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What happened at M Street Beach could hurt Boston’s effort to battle COVID-19, Walsh says

The scene at M Street Beach in South Boston on Saturday afternoon.
The scene at M Street Beach in South Boston on Saturday afternoon.John Tlumacki/Globe Staff

Mayor Martin J. Walsh on Tuesday urged Boston residents to continue taking precautions against COVID-19, telling reporters that scenes such as the weekend crush of patrons at M Street Beach could hamper the city’s effort to move forward with its gradual reopening amid the crisis.

“It’s incumbent on all of us to do what we have to do on a daily basis,” Walsh said during a briefing outside City Hall, adding that residents must continue safety measures such as wearing face coverings in public, practicing social distancing and frequently washing hands.

Walsh noted the images from this weekend of “thousands” of people at M Street Beach in South Boston who weren’t distancing.

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“That could set us back,” Walsh said.

Globe photos of the weekend revelry at the beach showed many patrons also weren’t wearing face coverings.

On Tuesday, the mayor said the city’s continued compliance with public health directives has “ramifications” for Boston’s gradual reopening of venues such as office buildings, schools, and restaurants.

Turning to the recent spike in gun violence that has plagued the city, Walsh said two teenagers were fatally shot Sunday in Mattapan, and a third teen was severely wounded in a separate shooting in Roxbury.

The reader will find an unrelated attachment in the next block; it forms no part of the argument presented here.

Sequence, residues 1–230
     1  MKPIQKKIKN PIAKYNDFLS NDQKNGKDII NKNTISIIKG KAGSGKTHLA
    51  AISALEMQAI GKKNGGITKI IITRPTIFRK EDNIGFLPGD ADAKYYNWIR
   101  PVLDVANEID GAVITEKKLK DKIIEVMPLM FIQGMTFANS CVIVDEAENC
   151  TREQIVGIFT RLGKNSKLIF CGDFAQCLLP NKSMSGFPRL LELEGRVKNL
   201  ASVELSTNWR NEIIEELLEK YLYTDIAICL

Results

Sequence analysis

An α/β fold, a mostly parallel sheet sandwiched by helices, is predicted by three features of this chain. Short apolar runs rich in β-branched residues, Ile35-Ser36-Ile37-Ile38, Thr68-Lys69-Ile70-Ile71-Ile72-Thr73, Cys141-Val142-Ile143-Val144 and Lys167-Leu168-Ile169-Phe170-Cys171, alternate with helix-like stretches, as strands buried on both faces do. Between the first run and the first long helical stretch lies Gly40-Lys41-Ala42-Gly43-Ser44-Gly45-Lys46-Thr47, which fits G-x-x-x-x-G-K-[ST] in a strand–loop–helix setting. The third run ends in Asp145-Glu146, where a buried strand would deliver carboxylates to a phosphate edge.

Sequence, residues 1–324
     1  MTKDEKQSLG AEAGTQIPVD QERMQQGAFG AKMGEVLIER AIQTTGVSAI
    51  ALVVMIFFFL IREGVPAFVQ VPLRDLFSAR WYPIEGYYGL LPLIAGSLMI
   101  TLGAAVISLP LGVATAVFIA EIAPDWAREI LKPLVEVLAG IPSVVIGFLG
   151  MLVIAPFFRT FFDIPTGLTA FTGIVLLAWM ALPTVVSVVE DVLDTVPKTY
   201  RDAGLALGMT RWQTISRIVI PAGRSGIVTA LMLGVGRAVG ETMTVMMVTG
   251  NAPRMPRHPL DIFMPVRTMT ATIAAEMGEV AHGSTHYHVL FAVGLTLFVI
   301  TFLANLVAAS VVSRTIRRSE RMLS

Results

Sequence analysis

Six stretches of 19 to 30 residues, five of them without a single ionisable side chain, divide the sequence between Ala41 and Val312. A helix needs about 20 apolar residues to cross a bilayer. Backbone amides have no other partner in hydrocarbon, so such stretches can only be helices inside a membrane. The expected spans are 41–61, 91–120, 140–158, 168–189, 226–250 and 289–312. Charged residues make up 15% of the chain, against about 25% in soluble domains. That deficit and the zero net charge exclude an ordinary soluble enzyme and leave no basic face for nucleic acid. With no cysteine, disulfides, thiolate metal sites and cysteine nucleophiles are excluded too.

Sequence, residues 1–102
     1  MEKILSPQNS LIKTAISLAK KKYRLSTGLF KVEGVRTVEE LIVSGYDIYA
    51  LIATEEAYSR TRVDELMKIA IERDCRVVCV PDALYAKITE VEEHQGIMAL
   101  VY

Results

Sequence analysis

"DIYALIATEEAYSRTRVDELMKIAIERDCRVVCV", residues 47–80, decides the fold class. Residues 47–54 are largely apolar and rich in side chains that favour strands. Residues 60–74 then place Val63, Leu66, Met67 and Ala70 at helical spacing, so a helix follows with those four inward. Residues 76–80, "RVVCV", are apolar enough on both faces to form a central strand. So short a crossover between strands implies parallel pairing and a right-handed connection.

“Violence of any kind is certainly unacceptable in our communities,” Walsh said. “When young people are victims, it’s especially devastating.”

He said city officials, nonprofit partners, and others are “working around the clock to reach young people and adults who are at risk and offer them pathways to safety and opportunity.”

Walsh urged city residents who are concerned about young people in their lives to reach out to the city’s Neighborhood Trauma Team.

Walsh also announced that the BCYF Clougherty Pool in Charlestown and the BCYF Mirabella Pool in the North End will open Wednesday.

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Visitors to the pools, Walsh’s office said in a statement, must book a 90-minute slot at either of the pools online at Boston.gov/BCYF-Summer “as walk-ins will not be allowed. Due to current regulations, pool capacity has been reduced to less than 40 percent capacity, 75 people per session.”

Walsh said in the statement that it’s important for residents to keep cool amid the stifling heat.

“As we experience hotter days in the City of Boston, it’s important residents can access cooling options in our neighborhoods,” Walsh said. “Our staff has worked tirelessly to develop plans to reopen our community centers and pools in a way that is safe and prevents the further spread of COVID-19 in our city. I encourage residents to take advantage of these options and continue to take all the precautions: wearing face coverings when out, keeping your distance from others, and washing your hands.”


Travis Andersen can be reached at travis.andersen@globe.com. Follow him on Twitter @TAGlobe.